On October 27, 2014, a friend of mine tweeted a general question: If you could spend 24 hours in someone else’s job, who/what would you choose? I was brand new to the podcasting industry and in the honeymoon stage with my new side hustle, so I replied, I would love to be a full time podcaster. I’d take @DanBenjamin or @JesseThorn’s job in a heartbeat.
For those who aren’t podcast addicts, those men run two of the most successful podcast networks in the country: 5by5 and Maximum Fun, respectively. Their companies put out the majority of what I listen to. They’re self-made and quite successful – which is why it was such a shock for Dan to reply with ‘Let’s do that show this week!‘
Within a week or so, we had recorded a podcast episode together. It skyrocketed our listenership, and I was over the moon – but it didn’t end there. On November 22nd, I received a message from Dan asking When should we talk about 5by5? On November 25th, I received another: Today. This morning.
Around 8am, two and a half months after my podcast began, Dan offered the opportunity for my show to join his network, 5by5. I very enthusiastically accepted.
Obviously you don’t establish these connections as the result of a single tweet – but they can be made over the course of several, if you’re lucky. At the very least, you can get to know fascinating people, ask their advice, and perhaps gain a mentor along the way.
Of course we have to go back to the beginning, before I ever cozied up to a microphone. I was 26 and overripe for a quarter-life-crisis. I was in my second year of an office job that paid me well, but didn’t provide me much in the way of fulfillment. I wasn’t putting my Creative Writing degree to use, and, apart from reading ravenously over the spring and summer, I felt disconnected from creativity.
I was in luck, though. In the same time period, a friend (now my co-host) approached me with a proposition: starting a podcast for twenty-somethings. I said yes immediately – such a podcast didn’t exist yet, and I was a podcast junkie aching for a new pursuit.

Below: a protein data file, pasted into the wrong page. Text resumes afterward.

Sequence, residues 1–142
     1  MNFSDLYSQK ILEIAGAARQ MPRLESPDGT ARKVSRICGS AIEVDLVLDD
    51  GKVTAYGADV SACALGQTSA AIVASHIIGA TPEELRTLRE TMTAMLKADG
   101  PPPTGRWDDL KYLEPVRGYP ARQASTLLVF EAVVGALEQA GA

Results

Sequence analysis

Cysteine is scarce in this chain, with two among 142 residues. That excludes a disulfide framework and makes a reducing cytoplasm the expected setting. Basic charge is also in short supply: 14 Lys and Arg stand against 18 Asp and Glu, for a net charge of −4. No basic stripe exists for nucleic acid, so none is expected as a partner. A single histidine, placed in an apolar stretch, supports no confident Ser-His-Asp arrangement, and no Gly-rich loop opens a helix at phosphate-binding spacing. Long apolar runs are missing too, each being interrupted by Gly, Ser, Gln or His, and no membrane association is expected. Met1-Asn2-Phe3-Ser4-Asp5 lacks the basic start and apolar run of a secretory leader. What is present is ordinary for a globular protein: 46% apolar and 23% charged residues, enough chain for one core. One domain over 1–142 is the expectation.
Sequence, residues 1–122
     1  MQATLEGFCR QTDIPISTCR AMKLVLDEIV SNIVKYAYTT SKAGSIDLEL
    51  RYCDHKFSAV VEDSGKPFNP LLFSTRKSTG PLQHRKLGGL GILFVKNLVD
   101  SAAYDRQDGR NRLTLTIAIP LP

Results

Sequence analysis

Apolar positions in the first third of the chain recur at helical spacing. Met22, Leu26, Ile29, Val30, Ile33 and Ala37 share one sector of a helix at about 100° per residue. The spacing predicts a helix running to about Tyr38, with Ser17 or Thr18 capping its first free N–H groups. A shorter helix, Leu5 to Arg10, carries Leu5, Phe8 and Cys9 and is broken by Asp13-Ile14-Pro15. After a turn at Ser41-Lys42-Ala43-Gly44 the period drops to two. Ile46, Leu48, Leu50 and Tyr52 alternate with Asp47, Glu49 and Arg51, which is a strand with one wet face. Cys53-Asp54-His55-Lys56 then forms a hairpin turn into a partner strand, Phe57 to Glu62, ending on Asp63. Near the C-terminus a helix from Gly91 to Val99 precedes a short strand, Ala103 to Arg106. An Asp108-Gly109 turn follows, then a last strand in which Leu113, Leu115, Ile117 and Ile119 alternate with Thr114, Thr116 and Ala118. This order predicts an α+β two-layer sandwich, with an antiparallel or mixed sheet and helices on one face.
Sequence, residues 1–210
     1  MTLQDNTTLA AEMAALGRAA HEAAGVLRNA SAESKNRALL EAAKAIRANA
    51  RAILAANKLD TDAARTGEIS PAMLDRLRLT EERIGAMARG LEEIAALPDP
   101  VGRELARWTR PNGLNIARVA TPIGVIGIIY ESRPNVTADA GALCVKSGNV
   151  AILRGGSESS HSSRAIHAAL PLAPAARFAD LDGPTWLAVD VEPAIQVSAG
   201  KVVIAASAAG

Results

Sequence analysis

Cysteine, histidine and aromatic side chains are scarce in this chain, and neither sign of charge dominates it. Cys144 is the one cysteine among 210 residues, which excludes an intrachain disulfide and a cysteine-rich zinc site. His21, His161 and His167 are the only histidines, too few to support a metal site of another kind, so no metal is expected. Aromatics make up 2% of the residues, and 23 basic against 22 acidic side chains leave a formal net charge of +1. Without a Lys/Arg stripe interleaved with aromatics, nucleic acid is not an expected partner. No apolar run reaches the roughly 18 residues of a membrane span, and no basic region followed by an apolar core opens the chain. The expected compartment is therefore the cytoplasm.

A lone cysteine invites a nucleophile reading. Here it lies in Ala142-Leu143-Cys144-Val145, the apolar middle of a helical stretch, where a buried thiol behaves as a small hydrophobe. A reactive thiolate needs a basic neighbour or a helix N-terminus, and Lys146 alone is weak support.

However, it turned out that making your own podcast is not the same as listening to them, even an excessive amount of them. I could recognize quality when I heard it, but I didn’t know anything about mic technique, building an audience, promoting episodes, or making money. I was basically starting from scratch. Perhaps being a fan of industry leaders does not qualify you to be one; however, it does give you a jumping off point – knowing who to contact for advice.
Email requires perfect length and tone. Facebook messages are far too intimate for someone you’ve never met, and calling an office can lead to run-around or, at best, phone tag.
The solution is simple: Twitter. Twitter levels the playing field. You can reach out to whoever you want, up to and including potential mentors.
It may seem strange and nerve-wracking to tweet a stranger and ask for advice, especially if these strangers are at the top of your career field. You may worry that you come across as ignorant, or worse – a weird fan. You may not even know what to ask.
Luckily, the first tweet you have to send isn’t a question at all. You just have to start interacting. Once you’ve figured out who to approach, start small. This is about building a casual rapport. If they tweet something interesting, tell them so. If they tweet something that invites conversation, throw your voice in the ring. Connect gradually, until they begin to favorite your tweets, retweet you, or, in the best-case scenario, tweet you back.
At that point, you’re on their radar, and in the clear to ask for advice – but only advice. Asking for a leg-up in the industry is a turn-off, and ultimately unhelpful. You don’t want a shortcut; you want to know what they know so you can succeed as they have.
Start broad. Pick an area of your field, and ask something simple: Hey [career idol], what do I need to know about _________? It’s an excellent opener because it’s an innocuous question. It can elicit any kind of response: long or short, simple or complex. It also allows for you to ask follow-up questions if the tone of their response invites them.
Now, you’ve essentially established a casual rapport with your initial question, so the advice-ice has officially been broken. However, that cannot be your only interaction (if that’s not immediately obvious). You should want to interact with this person both casually and professionally and they want to know that you’re not simply using them for their advice.
From there your relationship will naturally build, stagnate, or fade – you have to be prepared for any of these outcomes, as they’re all ultimately positive. If you truly relate, fantastic! But if you don’t, follow the old maxim and try-try-again. If it ultimately fades, then perhaps it simply was not meant to be a connection and that’s okay. A mindful connection is just as important as quality advice when it comes to mentorship.
The first person you speak to may not be the one for you – like dating, finding your mentor can take time. But with a tool like Twitter at your disposal, it’s all the easier to recognize someone with diverging interests, leaving you free to find, speak to, and interact with someone who clicks. After all, that’s what true mentorship is built on.